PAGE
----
The military is systematically scrutinizing the work of international non-governmental organizations (INGOs) and civil society organizations (CSOs) operating within Burma, Min Aung Hlaing told a meeting of the SAC in Naypyidaw on Tuesday.
Local civil society groups voiced their concern over the coup leader’s remarks, saying that the suppression of their work could lead to yet more unwanted delays in the delivery of vital aid to the hundreds of thousands of people affected by the coup.
“If rules governing the operations of INGOs make things too difficult to operate, groups might stop working; the demands [on those in the field] will increase. What I am seeing and hearing is that it seems like [the military] doesn’t want medical support and other aid to reach [IDPs]. Now, unlike before, medics in the field are forced to apply for unnecessary permissions and permits… NGOs and CSOs are reported to have not been able to provide effective assistance due to the various barriers to accessing humanitarian aid erected by the military,” a health worker told DVB.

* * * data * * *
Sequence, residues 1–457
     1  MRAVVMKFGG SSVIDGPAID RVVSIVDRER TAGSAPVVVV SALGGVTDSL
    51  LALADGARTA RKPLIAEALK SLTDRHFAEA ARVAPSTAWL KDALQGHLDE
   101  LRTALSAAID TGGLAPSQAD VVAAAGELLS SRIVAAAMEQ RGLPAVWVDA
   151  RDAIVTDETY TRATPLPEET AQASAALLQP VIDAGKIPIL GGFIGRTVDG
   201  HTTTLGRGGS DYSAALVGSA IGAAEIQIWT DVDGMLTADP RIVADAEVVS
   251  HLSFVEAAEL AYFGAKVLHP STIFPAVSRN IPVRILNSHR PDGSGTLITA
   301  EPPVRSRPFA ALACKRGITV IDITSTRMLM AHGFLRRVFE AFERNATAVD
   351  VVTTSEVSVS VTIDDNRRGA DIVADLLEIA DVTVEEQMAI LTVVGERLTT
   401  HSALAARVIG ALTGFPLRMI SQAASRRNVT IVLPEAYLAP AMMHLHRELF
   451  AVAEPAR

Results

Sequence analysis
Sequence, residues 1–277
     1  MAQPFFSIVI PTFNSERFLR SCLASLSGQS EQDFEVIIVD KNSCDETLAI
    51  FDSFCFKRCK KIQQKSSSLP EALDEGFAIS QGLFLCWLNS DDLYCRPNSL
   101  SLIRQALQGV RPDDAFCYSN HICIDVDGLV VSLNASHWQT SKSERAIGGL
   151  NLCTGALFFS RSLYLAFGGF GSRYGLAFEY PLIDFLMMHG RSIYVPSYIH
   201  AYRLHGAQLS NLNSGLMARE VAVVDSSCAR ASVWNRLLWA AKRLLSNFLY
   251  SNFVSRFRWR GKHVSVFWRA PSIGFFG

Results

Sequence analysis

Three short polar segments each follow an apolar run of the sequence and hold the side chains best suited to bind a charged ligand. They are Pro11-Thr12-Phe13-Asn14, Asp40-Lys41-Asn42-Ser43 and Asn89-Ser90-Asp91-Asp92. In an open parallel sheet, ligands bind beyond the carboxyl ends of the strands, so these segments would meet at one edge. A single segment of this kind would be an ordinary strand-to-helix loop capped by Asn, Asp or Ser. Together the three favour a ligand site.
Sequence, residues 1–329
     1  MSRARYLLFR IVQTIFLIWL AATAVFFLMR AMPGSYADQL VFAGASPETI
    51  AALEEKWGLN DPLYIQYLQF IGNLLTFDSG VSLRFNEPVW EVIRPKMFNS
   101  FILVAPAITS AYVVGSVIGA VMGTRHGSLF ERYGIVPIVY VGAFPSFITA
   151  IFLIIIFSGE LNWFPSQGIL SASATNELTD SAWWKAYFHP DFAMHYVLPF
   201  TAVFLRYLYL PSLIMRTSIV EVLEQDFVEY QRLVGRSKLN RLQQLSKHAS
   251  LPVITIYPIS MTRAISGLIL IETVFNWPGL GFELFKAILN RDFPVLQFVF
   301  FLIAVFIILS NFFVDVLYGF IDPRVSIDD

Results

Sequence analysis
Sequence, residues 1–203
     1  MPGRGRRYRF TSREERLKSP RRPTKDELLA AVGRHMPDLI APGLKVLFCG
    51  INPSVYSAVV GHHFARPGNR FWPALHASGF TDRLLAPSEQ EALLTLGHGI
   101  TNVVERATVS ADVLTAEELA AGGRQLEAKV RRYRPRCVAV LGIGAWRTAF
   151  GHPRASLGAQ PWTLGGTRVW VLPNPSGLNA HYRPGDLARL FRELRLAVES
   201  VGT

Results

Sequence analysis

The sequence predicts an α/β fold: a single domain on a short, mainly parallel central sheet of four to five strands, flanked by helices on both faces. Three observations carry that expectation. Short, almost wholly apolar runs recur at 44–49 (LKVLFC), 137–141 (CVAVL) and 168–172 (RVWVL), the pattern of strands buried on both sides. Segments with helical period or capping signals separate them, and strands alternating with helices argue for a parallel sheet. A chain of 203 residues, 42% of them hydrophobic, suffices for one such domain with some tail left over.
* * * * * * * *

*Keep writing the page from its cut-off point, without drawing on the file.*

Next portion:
A CSO volunteer commented that extra scrutiny was an unnecessary hurdle, and that their group was already encountering significant difficulties providing humanitarian assistance to IDPs due to the military “intervening with unnecessary inspections”.
In the months after the Feb. 2021 coup, the security forces led numerous attacks against those performing relief operations in the country, leading to the deaths of scores of aid workers and volunteers. The junta also froze the bank accounts of INGOs working within the country, banning a number of major organizations and forcing them from headquarters.